By Chris Yeung —
This time last year, Hong Kong people said goodbye to 2019 with a heavy heart and mixed feelings.
After months of turmoil sparked by an extradition bill in summer, many people felt tired and exasperated. They felt what happened sounded unreal and were unsure about what the future held. The only certainty for 2020 was uncertainty.
Events unfolded in the city and around the world since then have shocked and rocked everyone.
Battered by the aftershocks of the socio-political unrest and the Covid-19 pandemic, Hong Kong was torn into pieces in many aspects, namely politics, economy and society.
The “one country, two systems” is critically ill, if not already dead.
Make no mistake. This is not because of claims made by the Chinese Communist Party leaders and their subordinates (the Carrie Lam administration included) that the democrats, or anti-China forces, had colluded with foreign hostile powers to lead the city towards self-destruction.
There are some truths to say the months-long social unrest had taken its toll on the economy and social harmony.
But the wounds to Hong Kong grew worse to become collateral damages largely because Beijing had and is still making serious mistakes and misjudgments and disproportionate and damaging responses.
The worst political turmoil since the 1967 Riots could not come at a worst time with the novel coronavirus, also known as “Wuhan virus”, ruining the world economy. Hong Kong was no exception. Economic recession set in. Unemployment neared seven percent. Deficit hit a record HK$300 billion.
The Lam administration’s bungling of the battle against the epidemic added more oil to the fire of lingering public discontent towards the Lam administration over its high-handed approach in suppressing political dissent.
There are no signs of an early end of the fourth attack, not to mention a containment of the spread of the deadly virus.
Undoubtedly, it will take a year or two, or even a much longer period of time, for the economy to return to a healthy footing with Covid-19 being brought under control here and around the world.
The damages to the fundamentals of the city ranging from such institutions as the judiciary and civil service, sectors including the education and media to the rule of law system and civil liberties are far more difficult to be repaired, nevertheless.
Worse still, the wounds may never be healed.
Based on misjudgment and misguided advice from hardliners in Beijing and the local pro-Beijing circle, the party leadership made a fatal mistake in imposing a national security law on Hong Kong through its rubber-stamp legislature, officially known as National People’s Congress Standing Committee.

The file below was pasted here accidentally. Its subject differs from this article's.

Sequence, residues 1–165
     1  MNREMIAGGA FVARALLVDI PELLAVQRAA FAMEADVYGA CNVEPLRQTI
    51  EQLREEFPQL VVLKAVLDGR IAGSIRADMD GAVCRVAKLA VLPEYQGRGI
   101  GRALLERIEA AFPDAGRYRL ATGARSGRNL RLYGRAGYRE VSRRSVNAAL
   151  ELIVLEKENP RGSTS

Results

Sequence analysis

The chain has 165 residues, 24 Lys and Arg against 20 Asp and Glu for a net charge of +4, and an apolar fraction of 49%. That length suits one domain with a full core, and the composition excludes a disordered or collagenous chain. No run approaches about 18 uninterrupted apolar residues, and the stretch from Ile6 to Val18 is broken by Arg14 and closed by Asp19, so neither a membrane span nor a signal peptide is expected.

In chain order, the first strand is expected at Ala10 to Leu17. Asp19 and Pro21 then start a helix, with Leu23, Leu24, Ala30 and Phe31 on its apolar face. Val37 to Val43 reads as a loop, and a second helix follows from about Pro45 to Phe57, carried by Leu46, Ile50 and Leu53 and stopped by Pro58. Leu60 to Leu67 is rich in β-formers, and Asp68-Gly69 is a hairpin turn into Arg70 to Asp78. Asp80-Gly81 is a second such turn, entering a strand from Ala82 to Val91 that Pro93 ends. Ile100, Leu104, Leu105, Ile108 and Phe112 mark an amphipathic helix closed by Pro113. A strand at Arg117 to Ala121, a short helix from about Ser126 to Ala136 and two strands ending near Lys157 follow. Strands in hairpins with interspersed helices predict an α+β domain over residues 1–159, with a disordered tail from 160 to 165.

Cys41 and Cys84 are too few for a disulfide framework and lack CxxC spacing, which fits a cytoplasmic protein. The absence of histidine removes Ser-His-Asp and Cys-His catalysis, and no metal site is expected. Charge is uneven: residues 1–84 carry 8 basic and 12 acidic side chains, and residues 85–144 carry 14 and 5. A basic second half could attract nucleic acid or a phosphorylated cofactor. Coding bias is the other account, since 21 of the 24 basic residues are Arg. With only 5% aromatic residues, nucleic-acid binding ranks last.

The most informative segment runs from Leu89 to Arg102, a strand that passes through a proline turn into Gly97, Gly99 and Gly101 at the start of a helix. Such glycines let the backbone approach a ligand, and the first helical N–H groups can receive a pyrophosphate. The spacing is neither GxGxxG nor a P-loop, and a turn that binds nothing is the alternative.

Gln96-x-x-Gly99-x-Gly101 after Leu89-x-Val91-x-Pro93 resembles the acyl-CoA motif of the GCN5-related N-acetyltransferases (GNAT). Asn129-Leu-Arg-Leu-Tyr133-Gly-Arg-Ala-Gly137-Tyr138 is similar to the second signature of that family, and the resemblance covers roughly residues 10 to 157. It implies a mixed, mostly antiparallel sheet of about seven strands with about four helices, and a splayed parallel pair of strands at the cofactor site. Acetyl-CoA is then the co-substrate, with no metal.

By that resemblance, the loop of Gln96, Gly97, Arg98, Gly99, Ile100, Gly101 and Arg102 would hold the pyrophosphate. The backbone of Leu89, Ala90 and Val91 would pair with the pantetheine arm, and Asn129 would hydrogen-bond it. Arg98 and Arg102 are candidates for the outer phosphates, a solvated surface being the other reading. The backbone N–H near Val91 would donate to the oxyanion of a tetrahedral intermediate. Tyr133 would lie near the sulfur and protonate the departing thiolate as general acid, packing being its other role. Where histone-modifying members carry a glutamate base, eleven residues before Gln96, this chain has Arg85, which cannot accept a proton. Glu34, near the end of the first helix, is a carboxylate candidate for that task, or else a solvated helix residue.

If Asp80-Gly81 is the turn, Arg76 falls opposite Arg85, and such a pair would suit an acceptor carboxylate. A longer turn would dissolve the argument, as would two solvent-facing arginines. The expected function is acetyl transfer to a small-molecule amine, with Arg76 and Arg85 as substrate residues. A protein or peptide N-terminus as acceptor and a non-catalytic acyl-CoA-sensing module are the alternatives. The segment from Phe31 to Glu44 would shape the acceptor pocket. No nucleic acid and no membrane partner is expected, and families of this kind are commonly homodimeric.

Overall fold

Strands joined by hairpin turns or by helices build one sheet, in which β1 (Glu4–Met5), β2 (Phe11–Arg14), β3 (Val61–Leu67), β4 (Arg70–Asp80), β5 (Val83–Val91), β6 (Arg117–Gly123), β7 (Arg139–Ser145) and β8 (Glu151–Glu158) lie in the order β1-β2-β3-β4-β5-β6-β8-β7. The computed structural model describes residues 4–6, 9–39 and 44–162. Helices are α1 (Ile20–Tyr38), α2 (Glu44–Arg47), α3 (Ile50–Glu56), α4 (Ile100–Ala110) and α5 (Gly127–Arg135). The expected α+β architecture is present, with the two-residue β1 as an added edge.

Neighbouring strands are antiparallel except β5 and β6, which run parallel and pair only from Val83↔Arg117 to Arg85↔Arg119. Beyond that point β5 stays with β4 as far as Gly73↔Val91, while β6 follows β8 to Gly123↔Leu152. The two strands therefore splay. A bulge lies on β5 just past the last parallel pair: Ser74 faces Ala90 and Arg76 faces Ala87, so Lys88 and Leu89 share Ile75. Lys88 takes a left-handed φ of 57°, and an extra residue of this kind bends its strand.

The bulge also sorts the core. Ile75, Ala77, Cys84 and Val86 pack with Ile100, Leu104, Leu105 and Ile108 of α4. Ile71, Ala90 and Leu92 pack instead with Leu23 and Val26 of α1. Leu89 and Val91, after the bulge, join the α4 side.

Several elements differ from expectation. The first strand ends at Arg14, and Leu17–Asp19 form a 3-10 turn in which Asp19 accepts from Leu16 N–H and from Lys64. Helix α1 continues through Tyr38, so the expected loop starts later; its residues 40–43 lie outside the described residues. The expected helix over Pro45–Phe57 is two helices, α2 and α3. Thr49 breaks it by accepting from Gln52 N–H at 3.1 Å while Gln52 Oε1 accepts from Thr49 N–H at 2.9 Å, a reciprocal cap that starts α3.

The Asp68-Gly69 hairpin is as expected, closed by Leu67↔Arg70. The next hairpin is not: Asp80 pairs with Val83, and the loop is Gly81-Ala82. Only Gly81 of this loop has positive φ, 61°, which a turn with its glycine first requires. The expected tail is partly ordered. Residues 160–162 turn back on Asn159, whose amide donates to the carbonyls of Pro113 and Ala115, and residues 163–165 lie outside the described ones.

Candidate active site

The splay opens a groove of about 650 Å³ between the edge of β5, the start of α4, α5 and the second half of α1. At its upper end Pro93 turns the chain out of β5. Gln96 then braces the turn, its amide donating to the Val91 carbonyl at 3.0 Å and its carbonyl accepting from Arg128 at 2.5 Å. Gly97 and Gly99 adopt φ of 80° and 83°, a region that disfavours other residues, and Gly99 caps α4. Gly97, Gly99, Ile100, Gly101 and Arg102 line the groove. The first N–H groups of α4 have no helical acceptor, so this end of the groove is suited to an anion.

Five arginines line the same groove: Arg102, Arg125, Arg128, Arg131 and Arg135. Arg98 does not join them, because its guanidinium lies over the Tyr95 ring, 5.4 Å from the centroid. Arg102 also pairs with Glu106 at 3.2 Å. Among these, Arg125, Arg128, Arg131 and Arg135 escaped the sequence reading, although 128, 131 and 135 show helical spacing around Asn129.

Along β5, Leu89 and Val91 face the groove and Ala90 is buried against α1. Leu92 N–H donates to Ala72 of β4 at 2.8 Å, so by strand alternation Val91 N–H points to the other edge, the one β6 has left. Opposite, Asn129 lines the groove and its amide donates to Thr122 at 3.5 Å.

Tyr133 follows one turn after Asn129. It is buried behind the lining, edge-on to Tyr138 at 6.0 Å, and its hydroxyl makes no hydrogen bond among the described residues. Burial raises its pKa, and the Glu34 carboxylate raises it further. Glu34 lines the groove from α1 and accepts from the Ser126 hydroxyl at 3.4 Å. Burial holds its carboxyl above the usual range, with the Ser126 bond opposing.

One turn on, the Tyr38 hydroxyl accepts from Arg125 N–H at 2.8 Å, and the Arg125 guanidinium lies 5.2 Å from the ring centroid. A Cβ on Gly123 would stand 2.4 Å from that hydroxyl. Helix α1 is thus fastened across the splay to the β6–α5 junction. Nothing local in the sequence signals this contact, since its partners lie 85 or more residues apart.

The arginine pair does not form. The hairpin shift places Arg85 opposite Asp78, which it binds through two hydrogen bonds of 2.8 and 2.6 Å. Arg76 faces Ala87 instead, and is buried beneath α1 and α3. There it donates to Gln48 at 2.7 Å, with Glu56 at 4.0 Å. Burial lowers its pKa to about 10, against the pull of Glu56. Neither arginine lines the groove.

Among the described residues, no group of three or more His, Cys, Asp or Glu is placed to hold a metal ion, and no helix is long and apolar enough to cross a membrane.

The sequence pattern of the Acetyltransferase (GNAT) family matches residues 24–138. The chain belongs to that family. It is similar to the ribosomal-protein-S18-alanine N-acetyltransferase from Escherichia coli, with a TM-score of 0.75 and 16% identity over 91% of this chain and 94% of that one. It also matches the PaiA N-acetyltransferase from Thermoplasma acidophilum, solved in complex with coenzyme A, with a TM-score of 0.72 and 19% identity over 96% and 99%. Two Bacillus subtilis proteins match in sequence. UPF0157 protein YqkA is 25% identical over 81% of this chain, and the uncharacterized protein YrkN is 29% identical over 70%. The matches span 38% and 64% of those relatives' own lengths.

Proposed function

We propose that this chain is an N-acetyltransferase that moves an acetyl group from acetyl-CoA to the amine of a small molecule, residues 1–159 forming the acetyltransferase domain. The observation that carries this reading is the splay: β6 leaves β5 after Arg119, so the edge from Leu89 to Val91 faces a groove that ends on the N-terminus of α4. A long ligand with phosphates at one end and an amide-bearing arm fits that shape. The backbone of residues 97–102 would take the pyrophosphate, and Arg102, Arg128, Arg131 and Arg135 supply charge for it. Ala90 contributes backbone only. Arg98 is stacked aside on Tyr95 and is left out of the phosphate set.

The law, which took effect on July 1, gives enormous powers to the national security teams to suppress what they deem as threats to national security with limited checks and balances by the judiciary and the legislature.
The past six months saw the national security law being “weaponised” by the national security team under the Police to persecute the pro-democracy opposition and political dissent.
The recent intensified pressure for the local court not to grant bail to Next Media’s owner Jimmy Lai mounted by political heavyweights including former chief executive Leung Chun-ying and pro-Beijing camp and mainland media is a case in point.
If local court fails reverse an early court decision to grant bail to Lai on Thursday, the central government is urged to step in to send Lai to the mainland for trial, claiming that Lai has posed a serious threat to national security through colluding with foreign government,
Doing so could deal a devastating blow to judicial independence and the high-degree autonomy given to Hong Kong under the Basic Law.
Armed with the national security law, Beijing’s is determined to tighten control over Hong Kong in almost all aspects of life in the city.
Following the disqualification of four pro-democracy lawmakers that triggered a mass resignation, next on the line of political purge will be the pro-democracy district council members. The game plan is to knock any democrats who could pose any real opposition to the authorities out of the two-tier structure.
The crackdown on dissenting views is widening to non-political sectors. All civil servants are required to sign an oath of allegiance to the Basic Law and the SAR. Education will be revamped to put more emphasis on the grooming of younger generations who are more obedient, not critical and independent minds. Media is under growing threats of being silenced. All efforts will be made to weaken the civil society for authoritarian rule.
In many aspects, 2020 is a year of loss. Seeking to gain full control of Hong Kong, Beijing is losing Hong Kong. The much-cherished strengths and values of Hong Kong are diminishing. China will be the biggest loser with the imminent loss of a unique, vibrant city.
This article was first published on Apple Daily website on December 30, 2019.